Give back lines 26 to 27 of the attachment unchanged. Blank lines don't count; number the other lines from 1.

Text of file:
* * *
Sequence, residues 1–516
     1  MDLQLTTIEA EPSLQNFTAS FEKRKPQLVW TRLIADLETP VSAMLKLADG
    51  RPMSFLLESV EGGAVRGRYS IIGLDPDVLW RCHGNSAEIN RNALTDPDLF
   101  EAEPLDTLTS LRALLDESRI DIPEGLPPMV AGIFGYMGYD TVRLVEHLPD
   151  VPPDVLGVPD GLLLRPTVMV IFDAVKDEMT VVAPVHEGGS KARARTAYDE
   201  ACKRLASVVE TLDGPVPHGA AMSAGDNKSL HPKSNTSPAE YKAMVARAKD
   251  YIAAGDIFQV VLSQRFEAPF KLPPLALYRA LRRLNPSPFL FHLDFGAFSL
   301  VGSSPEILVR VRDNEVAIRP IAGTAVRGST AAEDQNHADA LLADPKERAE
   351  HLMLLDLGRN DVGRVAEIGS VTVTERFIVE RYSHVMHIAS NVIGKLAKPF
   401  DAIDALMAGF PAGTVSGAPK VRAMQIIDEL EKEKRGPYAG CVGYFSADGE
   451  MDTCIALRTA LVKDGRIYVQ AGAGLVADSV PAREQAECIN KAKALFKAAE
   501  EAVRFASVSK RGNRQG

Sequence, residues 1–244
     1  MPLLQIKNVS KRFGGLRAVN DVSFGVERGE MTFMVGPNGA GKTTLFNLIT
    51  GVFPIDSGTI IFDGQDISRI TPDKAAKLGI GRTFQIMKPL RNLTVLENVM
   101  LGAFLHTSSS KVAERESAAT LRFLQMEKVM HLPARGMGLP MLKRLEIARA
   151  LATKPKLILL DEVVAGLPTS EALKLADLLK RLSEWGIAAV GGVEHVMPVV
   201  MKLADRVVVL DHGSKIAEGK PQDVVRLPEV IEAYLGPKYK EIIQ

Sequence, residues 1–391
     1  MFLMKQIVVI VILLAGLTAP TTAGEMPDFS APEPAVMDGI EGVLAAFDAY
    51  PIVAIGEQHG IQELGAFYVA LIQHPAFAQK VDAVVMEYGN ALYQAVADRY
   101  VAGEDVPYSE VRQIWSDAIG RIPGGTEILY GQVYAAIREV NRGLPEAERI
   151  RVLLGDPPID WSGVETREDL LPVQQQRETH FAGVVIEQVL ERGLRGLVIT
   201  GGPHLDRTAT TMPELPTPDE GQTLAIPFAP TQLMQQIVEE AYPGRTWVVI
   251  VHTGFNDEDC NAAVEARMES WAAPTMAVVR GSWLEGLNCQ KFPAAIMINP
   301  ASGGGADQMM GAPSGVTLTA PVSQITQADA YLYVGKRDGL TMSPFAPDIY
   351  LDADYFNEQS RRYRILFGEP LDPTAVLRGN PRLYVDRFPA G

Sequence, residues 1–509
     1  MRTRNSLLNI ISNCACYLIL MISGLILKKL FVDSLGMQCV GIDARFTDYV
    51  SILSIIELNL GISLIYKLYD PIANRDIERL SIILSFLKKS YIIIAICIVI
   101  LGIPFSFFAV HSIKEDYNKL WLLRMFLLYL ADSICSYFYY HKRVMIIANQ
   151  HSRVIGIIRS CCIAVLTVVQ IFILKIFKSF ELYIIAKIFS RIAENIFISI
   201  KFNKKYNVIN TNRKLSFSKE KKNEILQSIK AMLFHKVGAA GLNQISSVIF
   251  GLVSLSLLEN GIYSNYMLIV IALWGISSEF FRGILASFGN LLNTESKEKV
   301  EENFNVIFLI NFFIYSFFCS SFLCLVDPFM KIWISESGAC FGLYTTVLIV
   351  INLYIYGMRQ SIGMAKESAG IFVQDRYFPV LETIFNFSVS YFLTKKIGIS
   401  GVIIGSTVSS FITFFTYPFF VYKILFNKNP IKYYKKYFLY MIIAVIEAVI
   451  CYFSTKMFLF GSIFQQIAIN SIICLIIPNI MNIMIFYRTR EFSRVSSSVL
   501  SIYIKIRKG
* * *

   301  ASGGGADQMM GAPSGVTLTA PVSQITQADA YLYVGKRDGL TMSPFAPDIY
   351  LDADYFNEQS RRYRILFGEP LDPTAVLRGN PRLYVDRFPA G